Some days I will be working on sketching visual packaging concepts for new products or developing improved packaging designs for brands and retailers. Other days will involve learning the technical side of the business, creating new package designs as well as learning what happens on the factory floor. This provides me with valuable all-round knowledge of the business and industry.

What has been the most valuable thing you’ve learned / what has inspired you most?

The most valuable thing I have learnt as a designer so far is that just because something looks good, it doesn’t mean it is practical to manufacture. There is no point in drawing a pretty design and presenting it to a client if you can’t follow through and make it.

I am starting to learn that every decision you make needs to follow a thorough investigatory process, for example considering whether certain shapes will actually work, whether a barrier will be needed and so on. This is something I am hoping to continue to learn and develop while still pushing for innovation in the designs I produce.

What’s the biggest challenge you’ve faced or overcome in your time with GPI? And will this practical experience help you to think differently about challenges you might face related to your PhD?

The biggest challenge was probably coming straight out of university into a working environment and realising I still had a lot to learn and a lot to prove. It was a learning curve to balance wanting to do the best job possible with appreciating that I will make mistakes and that doing so isn’t the end of the world; as a young designer, mistakes are there to be learnt from as a basis for improvement.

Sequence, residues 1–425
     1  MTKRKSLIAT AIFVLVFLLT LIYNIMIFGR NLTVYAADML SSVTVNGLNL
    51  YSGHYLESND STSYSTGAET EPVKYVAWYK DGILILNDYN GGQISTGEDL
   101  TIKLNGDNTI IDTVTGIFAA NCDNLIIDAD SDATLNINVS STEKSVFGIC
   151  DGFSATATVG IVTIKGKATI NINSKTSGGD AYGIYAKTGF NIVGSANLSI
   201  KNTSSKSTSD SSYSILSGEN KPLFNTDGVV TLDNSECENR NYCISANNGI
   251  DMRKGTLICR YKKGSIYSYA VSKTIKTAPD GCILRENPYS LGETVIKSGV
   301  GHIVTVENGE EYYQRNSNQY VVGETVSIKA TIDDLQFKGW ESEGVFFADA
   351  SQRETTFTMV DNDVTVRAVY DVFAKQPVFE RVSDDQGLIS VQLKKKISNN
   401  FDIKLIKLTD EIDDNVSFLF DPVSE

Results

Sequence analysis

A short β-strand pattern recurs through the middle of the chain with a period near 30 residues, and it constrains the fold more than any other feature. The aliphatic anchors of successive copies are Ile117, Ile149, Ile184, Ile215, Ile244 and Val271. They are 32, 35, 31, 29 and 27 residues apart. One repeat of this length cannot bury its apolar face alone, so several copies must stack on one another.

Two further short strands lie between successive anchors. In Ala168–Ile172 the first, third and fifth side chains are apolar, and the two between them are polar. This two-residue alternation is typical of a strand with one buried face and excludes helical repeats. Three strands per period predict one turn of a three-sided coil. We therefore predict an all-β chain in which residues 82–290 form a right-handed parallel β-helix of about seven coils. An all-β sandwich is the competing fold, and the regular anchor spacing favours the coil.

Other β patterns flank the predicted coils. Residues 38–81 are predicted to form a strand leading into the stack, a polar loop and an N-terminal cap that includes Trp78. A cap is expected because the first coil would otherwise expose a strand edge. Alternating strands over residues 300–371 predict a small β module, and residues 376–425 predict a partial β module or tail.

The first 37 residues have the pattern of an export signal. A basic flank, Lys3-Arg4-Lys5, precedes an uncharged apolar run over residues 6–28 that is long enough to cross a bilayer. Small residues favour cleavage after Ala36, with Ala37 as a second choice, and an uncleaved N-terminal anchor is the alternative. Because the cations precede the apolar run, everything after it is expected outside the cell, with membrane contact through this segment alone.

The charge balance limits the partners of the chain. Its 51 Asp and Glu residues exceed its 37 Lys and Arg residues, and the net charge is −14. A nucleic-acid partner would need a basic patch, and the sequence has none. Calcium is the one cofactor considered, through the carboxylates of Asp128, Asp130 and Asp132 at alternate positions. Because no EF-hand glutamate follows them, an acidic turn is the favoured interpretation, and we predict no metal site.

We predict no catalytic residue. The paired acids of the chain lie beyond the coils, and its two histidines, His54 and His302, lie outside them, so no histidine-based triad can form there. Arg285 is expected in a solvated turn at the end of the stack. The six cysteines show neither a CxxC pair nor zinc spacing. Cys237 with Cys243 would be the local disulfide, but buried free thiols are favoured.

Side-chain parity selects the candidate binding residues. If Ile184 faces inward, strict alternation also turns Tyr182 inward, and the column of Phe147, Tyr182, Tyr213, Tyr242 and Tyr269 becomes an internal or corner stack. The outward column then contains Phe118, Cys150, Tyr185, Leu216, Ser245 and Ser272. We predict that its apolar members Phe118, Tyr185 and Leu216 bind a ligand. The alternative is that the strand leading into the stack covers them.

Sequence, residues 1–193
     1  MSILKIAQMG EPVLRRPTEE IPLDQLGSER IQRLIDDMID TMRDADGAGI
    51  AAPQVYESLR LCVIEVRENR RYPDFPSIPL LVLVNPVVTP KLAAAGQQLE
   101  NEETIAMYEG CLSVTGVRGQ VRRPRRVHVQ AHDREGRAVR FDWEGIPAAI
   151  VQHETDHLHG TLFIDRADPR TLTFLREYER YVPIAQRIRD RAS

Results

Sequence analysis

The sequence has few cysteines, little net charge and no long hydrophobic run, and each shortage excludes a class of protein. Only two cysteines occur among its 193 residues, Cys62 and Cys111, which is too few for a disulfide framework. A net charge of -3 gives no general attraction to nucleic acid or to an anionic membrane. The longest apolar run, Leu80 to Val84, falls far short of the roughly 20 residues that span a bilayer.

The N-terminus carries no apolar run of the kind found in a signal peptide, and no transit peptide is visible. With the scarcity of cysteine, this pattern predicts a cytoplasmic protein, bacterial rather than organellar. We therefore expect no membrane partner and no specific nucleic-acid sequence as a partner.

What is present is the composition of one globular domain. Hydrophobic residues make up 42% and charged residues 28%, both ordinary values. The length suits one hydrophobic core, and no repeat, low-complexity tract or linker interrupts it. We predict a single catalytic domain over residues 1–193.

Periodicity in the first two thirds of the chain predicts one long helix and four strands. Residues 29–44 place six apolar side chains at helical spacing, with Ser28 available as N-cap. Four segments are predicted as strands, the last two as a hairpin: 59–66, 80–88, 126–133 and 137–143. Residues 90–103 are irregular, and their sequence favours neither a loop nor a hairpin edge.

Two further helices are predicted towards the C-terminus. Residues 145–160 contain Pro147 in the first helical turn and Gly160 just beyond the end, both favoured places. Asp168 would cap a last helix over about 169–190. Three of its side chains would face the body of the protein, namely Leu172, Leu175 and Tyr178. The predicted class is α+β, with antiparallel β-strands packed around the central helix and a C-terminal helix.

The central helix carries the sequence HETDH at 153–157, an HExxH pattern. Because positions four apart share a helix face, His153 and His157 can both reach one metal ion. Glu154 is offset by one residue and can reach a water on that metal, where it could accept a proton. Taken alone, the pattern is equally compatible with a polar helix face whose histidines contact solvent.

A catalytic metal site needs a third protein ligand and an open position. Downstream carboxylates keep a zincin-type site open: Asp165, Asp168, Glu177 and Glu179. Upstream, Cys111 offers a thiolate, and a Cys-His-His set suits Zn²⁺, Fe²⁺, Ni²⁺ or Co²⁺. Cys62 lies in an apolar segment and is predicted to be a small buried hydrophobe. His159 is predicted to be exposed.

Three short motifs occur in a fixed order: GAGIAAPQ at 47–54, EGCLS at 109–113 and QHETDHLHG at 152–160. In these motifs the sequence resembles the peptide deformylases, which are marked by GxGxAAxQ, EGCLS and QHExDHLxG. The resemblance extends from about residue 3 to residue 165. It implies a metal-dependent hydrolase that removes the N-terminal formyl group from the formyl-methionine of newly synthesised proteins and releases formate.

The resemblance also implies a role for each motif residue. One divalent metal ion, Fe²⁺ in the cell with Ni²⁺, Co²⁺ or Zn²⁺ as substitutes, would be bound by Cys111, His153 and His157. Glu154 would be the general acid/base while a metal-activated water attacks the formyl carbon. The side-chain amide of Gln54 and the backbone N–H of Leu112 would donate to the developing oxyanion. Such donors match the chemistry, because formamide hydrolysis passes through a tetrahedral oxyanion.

This experience will be vital going into my PhD, which will also be aided by the work ethic gained from working in a fast-paced, high pressure industry. There will be successes and failures, but learning from these and moving forward positively will be key to successful and useful research.

What advice would you give to other young designers trying to break into the industry?

I entered the Starpack Awards three times and didn’t even place on the first two attempts, so it took time for me to learn and develop my skills before I eventually won. My advice would be to take all the feedback and advice you can get, don’t be too precious about criticism, practice and push yourself to be the best you can at what you do. If you are passionate about your work and it’s something you want to pursue as a career, hard work will get you there in the end.

Look out for placements where you can – I completed a year in industry at Kerry Food Ltd as part of my degree and it provided vital knowledge and experience. Make your name known and get yourself recognised by posting about your work online and entering every competition you can, you never know where it might take you! The most important thing however is to be patient and to persevere.

What’s next?

It’s back to Loughborough University full time for me this year. I hope to return to GPI throughout my PhD to help me in applying a practical, hands-on approach to my studies.

I hope the specialised knowledge and in-depth research skills I will develop through my PhD will be valuable for GPI upon my return, especially in the area of design schematics, allowing me to apply new methods of thinking and research to GPI’s innovation and design processes.

For more information on the Starpack Awards please visit:

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May Norman or

Vicky Zaremba